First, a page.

This week Slovakia’s president, Ivan Gašparovič, hosted 19 of his counterparts from the region for the 18th Summit of Central European Heads of State in Bratislava. The theme of the conference was “Growth Strategy for Post-Crisis Recovery.” Pushing the idea that “Central European countries, particularly Czech Republic and Slovakia, are considered to have visionary fiscal reforms in the region,” the conference focused on ways these states could contribute to economic recovery and growth in the wider European community.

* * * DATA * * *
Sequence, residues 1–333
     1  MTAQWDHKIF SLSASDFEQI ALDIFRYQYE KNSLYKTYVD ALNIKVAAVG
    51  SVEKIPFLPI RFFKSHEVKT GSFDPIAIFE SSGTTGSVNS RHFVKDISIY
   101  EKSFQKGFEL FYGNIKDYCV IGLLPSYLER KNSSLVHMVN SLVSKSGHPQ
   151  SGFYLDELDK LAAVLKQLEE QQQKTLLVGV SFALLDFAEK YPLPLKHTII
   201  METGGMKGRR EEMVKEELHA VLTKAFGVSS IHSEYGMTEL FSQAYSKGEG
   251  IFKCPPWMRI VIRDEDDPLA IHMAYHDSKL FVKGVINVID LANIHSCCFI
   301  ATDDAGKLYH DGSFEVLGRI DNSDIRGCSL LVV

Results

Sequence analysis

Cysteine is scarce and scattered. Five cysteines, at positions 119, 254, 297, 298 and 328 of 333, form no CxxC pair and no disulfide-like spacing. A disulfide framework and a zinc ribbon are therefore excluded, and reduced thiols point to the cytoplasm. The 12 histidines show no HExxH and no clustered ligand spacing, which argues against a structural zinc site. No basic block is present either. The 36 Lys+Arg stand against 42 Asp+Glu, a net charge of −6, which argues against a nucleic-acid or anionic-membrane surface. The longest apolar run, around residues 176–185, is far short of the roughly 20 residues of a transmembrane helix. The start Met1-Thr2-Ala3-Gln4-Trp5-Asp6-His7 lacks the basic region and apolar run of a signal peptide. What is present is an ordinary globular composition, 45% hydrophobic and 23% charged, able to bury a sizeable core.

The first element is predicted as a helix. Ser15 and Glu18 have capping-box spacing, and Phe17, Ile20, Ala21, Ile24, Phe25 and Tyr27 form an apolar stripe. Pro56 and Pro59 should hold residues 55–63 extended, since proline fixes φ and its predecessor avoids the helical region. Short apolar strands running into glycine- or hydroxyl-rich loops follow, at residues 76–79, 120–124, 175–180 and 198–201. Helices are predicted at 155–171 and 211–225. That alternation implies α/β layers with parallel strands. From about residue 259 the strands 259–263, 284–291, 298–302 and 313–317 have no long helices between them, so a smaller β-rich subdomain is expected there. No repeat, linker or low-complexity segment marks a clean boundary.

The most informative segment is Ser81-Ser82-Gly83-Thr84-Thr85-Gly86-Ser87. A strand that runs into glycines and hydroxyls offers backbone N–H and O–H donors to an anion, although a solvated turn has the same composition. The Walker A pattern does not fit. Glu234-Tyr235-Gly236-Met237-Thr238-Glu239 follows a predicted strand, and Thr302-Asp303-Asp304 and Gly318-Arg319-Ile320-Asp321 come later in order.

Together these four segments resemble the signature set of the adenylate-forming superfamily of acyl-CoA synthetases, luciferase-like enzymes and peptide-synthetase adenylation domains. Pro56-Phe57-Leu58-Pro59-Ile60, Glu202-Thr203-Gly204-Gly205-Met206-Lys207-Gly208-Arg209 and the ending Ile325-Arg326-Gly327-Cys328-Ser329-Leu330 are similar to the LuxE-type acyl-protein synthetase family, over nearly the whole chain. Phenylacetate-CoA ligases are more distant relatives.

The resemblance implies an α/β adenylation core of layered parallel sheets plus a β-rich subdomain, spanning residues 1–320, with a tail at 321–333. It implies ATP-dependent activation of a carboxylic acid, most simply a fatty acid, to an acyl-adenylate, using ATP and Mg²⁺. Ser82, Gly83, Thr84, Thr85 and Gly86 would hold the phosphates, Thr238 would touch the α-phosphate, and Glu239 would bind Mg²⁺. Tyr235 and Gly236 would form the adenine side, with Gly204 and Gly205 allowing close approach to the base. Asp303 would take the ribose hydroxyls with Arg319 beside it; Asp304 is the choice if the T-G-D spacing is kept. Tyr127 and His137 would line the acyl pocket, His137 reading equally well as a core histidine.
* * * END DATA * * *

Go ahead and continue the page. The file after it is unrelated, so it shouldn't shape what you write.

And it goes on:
Whether or not the claim is accurate that the states involved in this summit should serve as “role models” for the rest of Europe, the economic potential of Central Europe is very much on the minds of EU members these days. Croatia will join the EU next month; Serbia and Bosnia and Herzegovina are also on the list for eventual membership. Whether these countries will be assets to the EU’s economy depends in large part on their ability to attract and retain foreign investment (which, in turn, is affected by their relationship with the EU).